What’s Unknown about the Chinese Carbon Trading System
Among the key design elements that are unknown as of now (at least to me) are the following:
(1) What will the total allocation of allowances initially be and how will it change (presumably decrease) over time? Apparently the overall “cap” will be set by adding up the expected emissions of compliance entities, based on their historical emissions. Then, allocations will be reduced, presumably based on technology performance benchmarks.
(2) When will trading commence?
(3) What share of allowances will be distributed for free, and how many – if any – will be auctioned (and how will any auctions operate)?
(4) What provisions will there be for monitoring and enforcement, and will there be fines or other penalties for non-compliance?
(5) How will the system interact with other Chinese climate policies? This is an important question, because so-called “complementary policies” that seek to regulate sources under the cap of a cap-and-trade system can lead to perverse outcomes, as in the European Union and California.
(6) What is the time-path for expanding the scope of the system to include more sectors, and what sectors will be added?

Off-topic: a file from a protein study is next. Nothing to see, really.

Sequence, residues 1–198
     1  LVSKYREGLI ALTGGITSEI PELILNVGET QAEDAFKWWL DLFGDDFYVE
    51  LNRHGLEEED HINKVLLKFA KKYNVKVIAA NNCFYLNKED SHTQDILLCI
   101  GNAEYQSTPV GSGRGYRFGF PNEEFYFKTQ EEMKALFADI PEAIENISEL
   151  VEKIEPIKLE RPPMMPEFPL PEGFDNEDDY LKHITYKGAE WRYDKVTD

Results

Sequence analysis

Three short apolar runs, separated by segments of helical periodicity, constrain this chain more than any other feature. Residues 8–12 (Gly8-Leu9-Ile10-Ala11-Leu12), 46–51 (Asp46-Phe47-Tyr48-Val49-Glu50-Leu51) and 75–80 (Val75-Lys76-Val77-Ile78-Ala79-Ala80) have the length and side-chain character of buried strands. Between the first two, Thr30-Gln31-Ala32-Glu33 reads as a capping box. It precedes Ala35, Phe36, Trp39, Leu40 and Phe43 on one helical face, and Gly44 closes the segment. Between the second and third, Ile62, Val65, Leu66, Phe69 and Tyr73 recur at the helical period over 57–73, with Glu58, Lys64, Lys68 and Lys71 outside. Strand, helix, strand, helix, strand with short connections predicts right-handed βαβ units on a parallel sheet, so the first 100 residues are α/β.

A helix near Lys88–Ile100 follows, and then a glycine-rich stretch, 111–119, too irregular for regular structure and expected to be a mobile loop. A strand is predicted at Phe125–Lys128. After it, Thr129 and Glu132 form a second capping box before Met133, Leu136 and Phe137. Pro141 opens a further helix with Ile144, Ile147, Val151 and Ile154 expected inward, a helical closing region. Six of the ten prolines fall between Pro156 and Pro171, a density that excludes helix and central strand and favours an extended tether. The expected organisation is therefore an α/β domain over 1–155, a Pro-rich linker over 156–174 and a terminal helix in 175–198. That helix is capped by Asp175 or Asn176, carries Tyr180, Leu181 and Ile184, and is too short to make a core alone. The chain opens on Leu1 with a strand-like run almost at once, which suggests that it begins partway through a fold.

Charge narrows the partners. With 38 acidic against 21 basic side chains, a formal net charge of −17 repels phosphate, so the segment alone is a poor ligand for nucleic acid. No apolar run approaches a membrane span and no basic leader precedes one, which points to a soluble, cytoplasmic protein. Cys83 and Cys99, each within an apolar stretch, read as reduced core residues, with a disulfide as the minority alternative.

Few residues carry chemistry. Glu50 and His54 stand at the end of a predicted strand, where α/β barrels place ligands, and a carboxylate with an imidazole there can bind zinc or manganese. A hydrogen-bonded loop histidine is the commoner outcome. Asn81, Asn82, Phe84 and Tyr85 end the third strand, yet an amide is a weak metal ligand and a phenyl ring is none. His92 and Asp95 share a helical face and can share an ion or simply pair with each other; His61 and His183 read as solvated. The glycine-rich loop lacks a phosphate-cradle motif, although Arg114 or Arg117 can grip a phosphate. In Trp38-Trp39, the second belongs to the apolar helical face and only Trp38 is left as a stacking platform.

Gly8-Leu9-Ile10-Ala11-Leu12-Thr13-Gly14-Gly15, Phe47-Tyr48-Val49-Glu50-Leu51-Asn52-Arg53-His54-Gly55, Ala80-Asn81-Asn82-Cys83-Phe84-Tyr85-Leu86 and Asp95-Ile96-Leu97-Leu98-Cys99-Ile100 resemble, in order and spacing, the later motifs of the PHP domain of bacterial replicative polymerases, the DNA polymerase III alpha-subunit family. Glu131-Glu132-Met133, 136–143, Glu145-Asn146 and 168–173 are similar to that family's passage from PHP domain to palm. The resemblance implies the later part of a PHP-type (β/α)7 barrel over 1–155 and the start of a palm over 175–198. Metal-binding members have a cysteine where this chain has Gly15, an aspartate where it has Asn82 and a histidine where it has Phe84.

(7) When and how, if at all, will China seek to link its system with carbon-pricing and other climate policies in other parts of the world?
Given all of these open questions plus the limited sectoral scope of the announced system, it is reasonable to ask: what should we make of all this?
How Significant was the Chinese Announcement?
The announcement, despite all the caveats, was a significant step along the road of climate change policy developments, because the Chinese system will eventually be very important, because of its magnitude and because of the importance of China in CO2 emissions and climate change policy. However, the announcement was not a launch per se, but a statement about a forthcoming launch.
More broadly, the announcement and the eventual launch of the system will have significant effects on other governments around the world – regional, national, and sub-national. Some will be encouraged to launch or maintain their own carbon trading systems, and to increase the ambition of their systems. Why do I say this?